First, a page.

Make up has been occupying my thoughts a wee bit recently. I shall use this post to pontificate about this for a while so if you happen to be a male reader who has little interest in girly stuff then I’d stop reading now. If, however, you fancy eavesdropping on something from which you would normally be excluded then continue to read in a surreptitious fashion.
So my thoughts have fallen into three categories.
1. How to continue to look about 35 when my 43rd birthday is fast approaching?
2. How to dissuade my pre-teen daughter from getting sucked in too soon?
3. Whether make up on a six year old is cute or disturbing?
Me first. The older I get the more resigned I become to the fact that I have to wear more and more make up to make it look like I don’t have any on. I fear that the days of a lick of mascara and some lip gloss sufficing have left me for good. And so, fuelled by a need to maintain the illusion of youth together with a degree of curiosity, I can now be found sharking around the cosmetic counters in swanky department stores looking for the next miracle product.
I have never really been much of a make up kind of girl, going for the low maintenance approach and sticking to the same kind of formula for years. I bought my first make up back in 1981 on a Saturday afternoon in the sorely missed Woolies on Lincoln High Street. My best friend and I went to town to buy make up. She had slightly more idea than me as she had an elder sister but both of us were make up virgins. I bought a trio of blue eye shadows, a blue mascara and a thick and very smudgy electric blue eyeliner. I thought I looked the very picture of glamour and sophistication. Remember it was the 1980s before you criticize me too roundly.
Fortunately my blue period didn’t last long and pretty soon I fell into black eyeliner along with everyone else.
Then, when I turned 40 I decided that my make up needed a radical overhaul and I recruited a friend to help me to face the beautifully groomed women in the makeup halls. We picked a stand and volunteered to be made over. An hour later I was wearing more make up than I had worn in the previous year and whilst the overall effect was quite scary, I could see that the products had some merit if applied with slightly less vigour and so a purchase was made. I shudder at how much money I spent but I was pleased with all my beautiful little boxes and delicate brushes. Since then I haven’t looked back and have added to my collection as and when my eye is caught by something new, always sticking to the same brand to which I now feel a strange kind of loyalty ( and because it all matches and makes my drawer look ordered.)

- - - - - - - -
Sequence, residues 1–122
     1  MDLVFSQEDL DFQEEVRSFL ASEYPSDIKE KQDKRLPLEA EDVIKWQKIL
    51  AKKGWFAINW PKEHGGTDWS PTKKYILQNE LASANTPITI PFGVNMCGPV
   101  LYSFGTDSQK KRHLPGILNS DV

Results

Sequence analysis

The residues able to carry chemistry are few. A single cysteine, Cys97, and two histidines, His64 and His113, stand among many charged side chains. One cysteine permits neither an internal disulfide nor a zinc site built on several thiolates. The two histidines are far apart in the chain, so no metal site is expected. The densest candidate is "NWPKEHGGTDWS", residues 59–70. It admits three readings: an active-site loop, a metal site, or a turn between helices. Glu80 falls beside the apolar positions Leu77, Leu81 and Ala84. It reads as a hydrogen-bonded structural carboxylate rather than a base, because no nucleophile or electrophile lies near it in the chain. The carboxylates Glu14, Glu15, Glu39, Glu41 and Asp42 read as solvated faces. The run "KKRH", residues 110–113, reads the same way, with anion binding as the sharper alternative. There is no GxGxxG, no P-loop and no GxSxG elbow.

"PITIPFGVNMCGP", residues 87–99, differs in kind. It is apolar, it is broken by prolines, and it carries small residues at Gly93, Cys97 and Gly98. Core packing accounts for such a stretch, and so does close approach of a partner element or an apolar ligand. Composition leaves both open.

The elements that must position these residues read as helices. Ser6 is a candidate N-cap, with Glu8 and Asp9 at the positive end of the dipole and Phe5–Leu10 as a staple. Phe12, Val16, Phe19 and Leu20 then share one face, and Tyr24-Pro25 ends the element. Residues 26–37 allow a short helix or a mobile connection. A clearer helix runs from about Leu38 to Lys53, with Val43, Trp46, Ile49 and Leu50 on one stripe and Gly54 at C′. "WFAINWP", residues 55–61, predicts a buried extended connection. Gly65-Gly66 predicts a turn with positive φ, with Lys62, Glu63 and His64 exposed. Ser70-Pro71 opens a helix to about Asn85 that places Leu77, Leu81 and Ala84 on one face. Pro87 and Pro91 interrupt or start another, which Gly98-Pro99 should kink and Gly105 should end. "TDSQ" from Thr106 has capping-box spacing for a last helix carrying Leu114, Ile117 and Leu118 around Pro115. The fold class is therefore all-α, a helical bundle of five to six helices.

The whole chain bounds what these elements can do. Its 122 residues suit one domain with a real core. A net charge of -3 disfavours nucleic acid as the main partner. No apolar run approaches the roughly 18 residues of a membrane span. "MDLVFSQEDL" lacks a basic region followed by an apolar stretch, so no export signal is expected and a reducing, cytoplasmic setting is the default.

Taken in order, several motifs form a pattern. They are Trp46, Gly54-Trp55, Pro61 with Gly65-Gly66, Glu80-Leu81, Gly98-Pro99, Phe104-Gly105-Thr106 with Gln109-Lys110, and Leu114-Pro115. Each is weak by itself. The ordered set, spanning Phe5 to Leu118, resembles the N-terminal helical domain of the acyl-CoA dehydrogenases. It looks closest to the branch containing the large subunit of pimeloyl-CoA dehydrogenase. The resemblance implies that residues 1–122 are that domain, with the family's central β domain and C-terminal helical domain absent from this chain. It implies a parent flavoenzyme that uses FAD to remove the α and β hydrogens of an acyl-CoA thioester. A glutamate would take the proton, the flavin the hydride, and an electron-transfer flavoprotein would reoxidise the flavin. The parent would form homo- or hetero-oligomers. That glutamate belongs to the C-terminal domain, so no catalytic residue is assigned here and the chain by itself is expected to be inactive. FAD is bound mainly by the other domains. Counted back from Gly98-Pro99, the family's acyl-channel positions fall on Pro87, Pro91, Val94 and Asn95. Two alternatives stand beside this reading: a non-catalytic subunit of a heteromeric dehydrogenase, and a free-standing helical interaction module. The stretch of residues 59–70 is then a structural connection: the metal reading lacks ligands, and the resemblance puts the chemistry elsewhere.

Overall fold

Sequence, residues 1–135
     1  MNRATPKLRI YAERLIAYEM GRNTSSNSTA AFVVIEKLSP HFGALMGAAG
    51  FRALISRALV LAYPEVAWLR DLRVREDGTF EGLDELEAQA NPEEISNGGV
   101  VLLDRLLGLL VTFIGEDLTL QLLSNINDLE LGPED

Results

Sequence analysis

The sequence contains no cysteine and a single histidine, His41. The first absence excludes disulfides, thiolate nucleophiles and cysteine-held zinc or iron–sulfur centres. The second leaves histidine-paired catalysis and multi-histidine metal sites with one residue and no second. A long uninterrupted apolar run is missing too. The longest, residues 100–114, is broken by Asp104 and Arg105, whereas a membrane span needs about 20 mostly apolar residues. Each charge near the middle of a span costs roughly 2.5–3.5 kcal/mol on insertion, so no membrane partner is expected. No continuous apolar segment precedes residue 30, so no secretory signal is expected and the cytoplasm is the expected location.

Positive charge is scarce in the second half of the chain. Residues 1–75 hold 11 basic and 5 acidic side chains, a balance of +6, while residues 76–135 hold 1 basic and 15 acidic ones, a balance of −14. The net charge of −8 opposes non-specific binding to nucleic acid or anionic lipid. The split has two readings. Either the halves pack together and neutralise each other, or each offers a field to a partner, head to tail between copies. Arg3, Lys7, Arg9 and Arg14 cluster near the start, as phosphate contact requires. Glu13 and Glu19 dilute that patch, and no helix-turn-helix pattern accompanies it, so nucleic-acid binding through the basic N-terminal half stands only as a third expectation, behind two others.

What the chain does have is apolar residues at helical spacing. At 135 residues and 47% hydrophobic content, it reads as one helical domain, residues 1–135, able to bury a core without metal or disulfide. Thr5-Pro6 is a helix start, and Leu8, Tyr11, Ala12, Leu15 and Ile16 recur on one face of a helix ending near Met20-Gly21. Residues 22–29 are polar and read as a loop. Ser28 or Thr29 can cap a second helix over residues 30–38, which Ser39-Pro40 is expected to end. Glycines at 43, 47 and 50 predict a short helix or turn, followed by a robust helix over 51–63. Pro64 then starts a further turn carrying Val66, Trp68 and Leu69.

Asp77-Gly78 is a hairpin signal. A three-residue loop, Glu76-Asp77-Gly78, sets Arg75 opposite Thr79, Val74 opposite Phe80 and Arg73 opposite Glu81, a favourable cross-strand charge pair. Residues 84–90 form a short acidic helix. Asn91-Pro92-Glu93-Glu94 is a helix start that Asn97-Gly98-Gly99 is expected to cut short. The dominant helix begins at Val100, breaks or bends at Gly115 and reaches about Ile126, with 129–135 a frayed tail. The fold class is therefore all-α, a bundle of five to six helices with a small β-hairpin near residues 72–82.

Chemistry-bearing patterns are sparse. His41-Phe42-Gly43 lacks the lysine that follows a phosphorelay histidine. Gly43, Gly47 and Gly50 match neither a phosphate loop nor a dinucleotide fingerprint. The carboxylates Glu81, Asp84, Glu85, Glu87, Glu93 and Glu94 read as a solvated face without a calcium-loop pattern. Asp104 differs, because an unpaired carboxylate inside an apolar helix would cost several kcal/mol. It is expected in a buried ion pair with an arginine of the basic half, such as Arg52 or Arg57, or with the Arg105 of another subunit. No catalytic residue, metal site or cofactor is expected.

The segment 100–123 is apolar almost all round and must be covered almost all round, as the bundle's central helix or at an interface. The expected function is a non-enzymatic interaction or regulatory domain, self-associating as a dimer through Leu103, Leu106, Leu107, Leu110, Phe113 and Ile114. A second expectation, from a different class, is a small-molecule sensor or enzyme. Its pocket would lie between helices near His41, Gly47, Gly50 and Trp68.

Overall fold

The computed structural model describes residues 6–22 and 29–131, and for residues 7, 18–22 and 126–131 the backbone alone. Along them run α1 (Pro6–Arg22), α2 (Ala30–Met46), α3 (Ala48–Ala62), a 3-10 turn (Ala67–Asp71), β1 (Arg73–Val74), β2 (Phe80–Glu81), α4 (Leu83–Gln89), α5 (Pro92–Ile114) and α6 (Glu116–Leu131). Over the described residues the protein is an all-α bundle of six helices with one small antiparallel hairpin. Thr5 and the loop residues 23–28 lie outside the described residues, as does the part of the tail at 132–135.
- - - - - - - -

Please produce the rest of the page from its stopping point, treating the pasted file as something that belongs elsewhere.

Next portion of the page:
And so now I am sucked in. If I don’t apply I look tired and in need of a good holiday but that’s ok. I have made time in my morning routine. It has become part of my life, like cleaning my teeth. But whilst I am experimenting with my products, so is my 12 year old which throws up a different set of issues. She has a mixed selection of stuff ranging from the delicate and pretty to the downright nasty. I am not even sure how some of it found its way into the house. When she puts make up on she does so with a greater level of skill than I ever had and looks either pretty or way too old depending on what she puts on.
But of course, wearing make up in her bedroom is not enough. She wants to go out in it. At this point we part company. I tell her she looks better without it. She doesn’t believe me. ” But everyone else wears it,” she says. I didn’t believe her until I saw a group of her classmates in Costa Coffee. I knew they 11 and 12 but my companion put them at closer to 15. Full make up. Foundation, smokey eyes, pouty lips. The works. I am up against some pretty strong opposition. I suppose I will have to give in gracefully starting with mascara and ending up who knows where. I bought her Bobbi Brown’s “Teenage Beauty” and hope some of the guru’s natural beauty ethos will wear off.
Which brings me to my last point. All three of my girls have been out for tea and come home caked in colour looking not unlike Aunt Sally. That is all part of growing up and pretend play and I have to accept it, although it makes me cringe. But make over parties for six year olds? Free lip gloss with shoes? Eyeshadow in Christmas stockings? Surely there are plenty of other things that appeal to little girls. Do we really have to introduce them to such grown up fascinations so early? I have to wonder whether girls are really growing up quicker than they did in my day or whether we are encouraging them to skip through their childhood by providing them with the wherewithal. So tomorrow my six year old will have to go to school with the remains of scarlet nail varnish on as I have no hope of removing it effectively. At least she won’t be the only one.